'Among Us' could have been too scary in virtual reality, developers say – The Washington Post

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“Among Us” was one of the video games that exploded in popularity over the pandemic. The 2018 murder mystery and social deduction game set in space has transcended gaming, reaching cakes, toy stores and more.
The developers at Innersloth were a three person team back in 2018, working on the party game where a group of innocents perform mundane tasks, while killers — called “impostors” — run free at night. The player group can vote off who they believe is guilty of murder, so that the imposters are removed from the group before the innocents lose their majority.
In recent years, “Among Us” has expanded into multiple collaborations with other games, into virtual reality, merchandise and fan art. This has all been the product of hard work, said Forest Willard, the Innersloth programmer who also manages the company’s business, sitting down with The Washington Post in Los Angeles during The Game Awards, the industry’s annual Oscars-like awards event.
“We definitely didn’t intend for [“Among Us”] to be a super widespread cultural phenomenon,” Willard said. “But at the same time, we did design the game specifically to be approachable by ‘non-gamers.’ Given the virality and the approachability, it makes sense.”
“Just looking around at the game industry, we’re probably one of the better branded ones in terms of merch. Most games don’t bother with it. It is a lot of work.”
Victoria Tran, who handles Innersloth’s social media presence, said that “Among Us’s” biggest social media platform is TikTok, where the game has over three million followers. She spoke about how she’s worked on diversifying Innersloth’s social media presence, and how the company would not be influenced by Twitter’s acquisition by Elon Musk.
“Growing up with social media, I don’t trust any platform to sustain itself, honestly,” Tran said. “I saw MySpace go down, I saw Vine go down. I don’t know what’s happening with Facebook. BeReal was the hot thing and now no one’s talking about it.”
Even if Twitter went down, Tran said, the “Among Us” developers also post news inside the game itself, so they have a direct line to players.
“Among Us VR” was up for best virtual or augmented reality game at Dec. 8′s The Game Awards, where it lost to adventure puzzle game “Moss: Book II.” A team of over 15 developers at Schell Games were tasked with bringing “Among Us” to VR, launching the game one month ago.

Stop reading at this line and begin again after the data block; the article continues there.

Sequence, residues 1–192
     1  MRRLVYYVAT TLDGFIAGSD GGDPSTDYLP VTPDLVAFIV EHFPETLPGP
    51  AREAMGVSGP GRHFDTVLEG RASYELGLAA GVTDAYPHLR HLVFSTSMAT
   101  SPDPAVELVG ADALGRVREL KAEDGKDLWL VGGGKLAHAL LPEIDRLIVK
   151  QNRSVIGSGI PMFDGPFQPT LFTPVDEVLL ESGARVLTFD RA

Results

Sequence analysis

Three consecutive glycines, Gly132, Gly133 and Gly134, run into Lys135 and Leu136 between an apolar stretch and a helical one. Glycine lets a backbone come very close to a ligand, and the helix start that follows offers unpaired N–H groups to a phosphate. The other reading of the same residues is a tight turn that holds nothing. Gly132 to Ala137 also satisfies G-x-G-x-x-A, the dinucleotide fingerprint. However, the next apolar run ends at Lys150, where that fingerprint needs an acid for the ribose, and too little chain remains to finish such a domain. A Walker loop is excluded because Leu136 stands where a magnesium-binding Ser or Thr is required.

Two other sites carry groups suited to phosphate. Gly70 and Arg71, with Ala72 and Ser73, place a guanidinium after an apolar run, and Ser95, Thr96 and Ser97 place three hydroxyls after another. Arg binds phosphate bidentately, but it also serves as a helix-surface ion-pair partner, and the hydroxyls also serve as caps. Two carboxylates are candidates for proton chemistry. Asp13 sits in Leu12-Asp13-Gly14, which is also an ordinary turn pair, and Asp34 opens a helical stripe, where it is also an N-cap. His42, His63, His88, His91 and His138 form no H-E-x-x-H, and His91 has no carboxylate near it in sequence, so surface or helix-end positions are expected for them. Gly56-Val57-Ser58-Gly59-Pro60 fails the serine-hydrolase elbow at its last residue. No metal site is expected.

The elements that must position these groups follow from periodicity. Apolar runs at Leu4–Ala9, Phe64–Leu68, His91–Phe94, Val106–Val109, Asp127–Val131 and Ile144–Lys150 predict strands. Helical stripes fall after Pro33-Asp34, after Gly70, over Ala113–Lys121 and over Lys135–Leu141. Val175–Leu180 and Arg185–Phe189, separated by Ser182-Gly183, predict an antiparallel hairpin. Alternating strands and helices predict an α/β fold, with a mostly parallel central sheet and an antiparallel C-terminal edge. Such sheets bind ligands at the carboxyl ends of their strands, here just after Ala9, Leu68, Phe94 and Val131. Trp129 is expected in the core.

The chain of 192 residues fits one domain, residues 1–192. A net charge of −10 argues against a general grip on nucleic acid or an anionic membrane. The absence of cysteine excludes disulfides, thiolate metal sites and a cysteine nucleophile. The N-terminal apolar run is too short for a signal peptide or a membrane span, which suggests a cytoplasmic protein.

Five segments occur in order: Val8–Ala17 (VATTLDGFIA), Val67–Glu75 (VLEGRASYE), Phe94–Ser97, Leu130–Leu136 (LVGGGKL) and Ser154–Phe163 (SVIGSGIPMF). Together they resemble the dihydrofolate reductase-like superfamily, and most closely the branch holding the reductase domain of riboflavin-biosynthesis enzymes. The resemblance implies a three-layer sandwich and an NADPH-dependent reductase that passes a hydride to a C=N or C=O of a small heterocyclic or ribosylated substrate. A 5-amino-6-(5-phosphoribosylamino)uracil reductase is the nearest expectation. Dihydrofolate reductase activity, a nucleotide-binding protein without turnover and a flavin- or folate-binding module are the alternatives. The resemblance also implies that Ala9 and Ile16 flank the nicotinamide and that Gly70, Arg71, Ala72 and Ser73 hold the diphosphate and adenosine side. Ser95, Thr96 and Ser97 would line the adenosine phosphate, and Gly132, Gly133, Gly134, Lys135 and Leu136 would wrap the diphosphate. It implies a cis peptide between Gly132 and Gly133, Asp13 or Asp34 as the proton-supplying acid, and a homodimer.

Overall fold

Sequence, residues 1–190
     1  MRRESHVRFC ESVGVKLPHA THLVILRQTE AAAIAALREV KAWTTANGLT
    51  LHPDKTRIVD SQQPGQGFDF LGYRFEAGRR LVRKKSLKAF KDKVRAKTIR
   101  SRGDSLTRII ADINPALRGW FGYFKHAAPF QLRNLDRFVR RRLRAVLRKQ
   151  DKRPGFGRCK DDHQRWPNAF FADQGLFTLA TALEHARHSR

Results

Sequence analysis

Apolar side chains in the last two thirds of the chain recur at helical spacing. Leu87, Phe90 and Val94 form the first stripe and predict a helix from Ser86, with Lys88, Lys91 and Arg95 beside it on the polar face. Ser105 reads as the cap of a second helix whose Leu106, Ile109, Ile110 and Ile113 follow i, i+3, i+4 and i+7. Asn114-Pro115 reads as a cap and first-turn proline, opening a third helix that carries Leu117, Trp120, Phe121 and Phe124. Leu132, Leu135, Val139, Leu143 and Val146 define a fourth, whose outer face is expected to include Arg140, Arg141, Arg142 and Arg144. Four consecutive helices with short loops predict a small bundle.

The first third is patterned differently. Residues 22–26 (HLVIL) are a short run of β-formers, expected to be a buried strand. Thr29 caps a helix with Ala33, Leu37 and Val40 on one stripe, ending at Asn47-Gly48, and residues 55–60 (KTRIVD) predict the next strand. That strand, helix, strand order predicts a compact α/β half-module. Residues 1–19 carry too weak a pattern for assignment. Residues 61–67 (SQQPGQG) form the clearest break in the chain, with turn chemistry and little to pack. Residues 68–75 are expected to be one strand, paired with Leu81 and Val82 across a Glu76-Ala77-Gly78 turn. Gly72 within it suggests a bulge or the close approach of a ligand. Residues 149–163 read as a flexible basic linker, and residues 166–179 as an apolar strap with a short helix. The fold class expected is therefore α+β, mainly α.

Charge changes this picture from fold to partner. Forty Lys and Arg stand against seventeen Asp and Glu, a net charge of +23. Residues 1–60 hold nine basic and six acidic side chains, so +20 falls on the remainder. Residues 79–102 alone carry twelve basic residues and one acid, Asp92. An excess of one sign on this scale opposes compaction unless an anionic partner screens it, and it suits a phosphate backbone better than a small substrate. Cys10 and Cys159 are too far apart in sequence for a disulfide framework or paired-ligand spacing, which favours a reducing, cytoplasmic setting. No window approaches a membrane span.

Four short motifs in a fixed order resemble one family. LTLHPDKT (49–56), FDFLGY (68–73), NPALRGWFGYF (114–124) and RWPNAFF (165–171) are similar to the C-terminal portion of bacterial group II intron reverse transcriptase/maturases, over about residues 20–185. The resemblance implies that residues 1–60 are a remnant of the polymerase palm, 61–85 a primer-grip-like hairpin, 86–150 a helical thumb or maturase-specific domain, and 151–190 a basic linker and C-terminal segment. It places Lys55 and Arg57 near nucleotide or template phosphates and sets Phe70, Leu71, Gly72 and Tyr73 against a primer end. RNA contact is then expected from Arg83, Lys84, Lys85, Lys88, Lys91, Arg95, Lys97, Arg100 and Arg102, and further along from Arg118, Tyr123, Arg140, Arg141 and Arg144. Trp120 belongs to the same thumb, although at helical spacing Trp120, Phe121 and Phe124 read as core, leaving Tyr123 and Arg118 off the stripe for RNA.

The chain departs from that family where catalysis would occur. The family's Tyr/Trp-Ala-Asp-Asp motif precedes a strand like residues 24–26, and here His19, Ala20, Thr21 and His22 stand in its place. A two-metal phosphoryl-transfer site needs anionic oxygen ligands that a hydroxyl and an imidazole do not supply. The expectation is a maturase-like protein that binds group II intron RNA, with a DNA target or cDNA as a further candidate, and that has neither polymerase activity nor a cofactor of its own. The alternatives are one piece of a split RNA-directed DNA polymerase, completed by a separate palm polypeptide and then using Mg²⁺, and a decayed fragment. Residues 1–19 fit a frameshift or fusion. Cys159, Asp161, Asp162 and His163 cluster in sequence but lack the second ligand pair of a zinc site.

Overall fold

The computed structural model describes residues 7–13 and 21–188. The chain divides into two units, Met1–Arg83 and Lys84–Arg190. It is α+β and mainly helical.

One of the first things the team noticed during development was that “Among Us VR” would make too good of a horror game.
“It quickly became clear how scary that game can be in VR, especially when you’re now in an environment that could be creepy, surrounded by people who want to mess with you and kill you,” said Michal Ksiazkiewicz, senior game designer from Schell Games.
Ksiazkiewicz said that when adapting “Among Us” into virtual reality, they had to think carefully about how to adapt kill actions, so that they weren’t too spooky and horror-like for players. The developers also added colors and little jokes to lighten up the overall tone of the game.
Schell also streamlined the game, abstracting actions like stabbing other players with a knife into the press of a button, so that gamers don’t have to aim within virtual reality, which Ksiazkiewicz said could be nauseating.
“This is all about the aspect of lying to your friends, and everything else should be in service of that,” said Ksiazkiewicz. “Our goal in VR was to make it as low a barrier of entry for a player as possible.”
Adapting in-game purchases to VR has also proven to be a work in progress. While “Among Us” on console, PC and mobile has rolled out collaborations with “League of Legends” and “Fortnite,” Ksiazkiewicz said that they are currently unsure of whether they can sell more than virtual hats in VR. Costumes and pets, which are available on the original game, haven’t made it into VR yet.
At the Game Awards, “Among Us” announced its biggest update this year, adding a hide-and-seek mode. In keeping up with the tremendous amount of fan interest in “Among Us,” Willard talked about balancing adding in-game content with employee exhaustion. He said that since “Among Us” took off, he’s had the constant feeling of playing catch up on business and technical issues.
“It still feels like we’re playing catch up because people’s demands can come much faster than any update,” Tran said. “It’s been exciting and stressful.”
Willard said that for the most part they try to eliminate crunch, or the practice of working long evenings or weekends in the gaming industry.
“You tell your leads, ‘No, don’t crunch,’ and your leads tell their direct [reports], ‘No, don’t crunch.’ Then everybody has at least that mental image of ‘I don’t want to crunch, crunching is bad,’” Willard said. “We have crunched, it’s not perfect, it is always a work in progress. But we’re trying to minimize it as much as we absolutely can.”
For the sake of avoiding overwork, sometimes players’ demands can’t all be satisfied, especially when prioritized against other upcoming content and features, Willard said.
“That’s the part where you do start to ignore the players, like ‘Sorry, it’s just not high enough priority,’ and you just pace yourself.”


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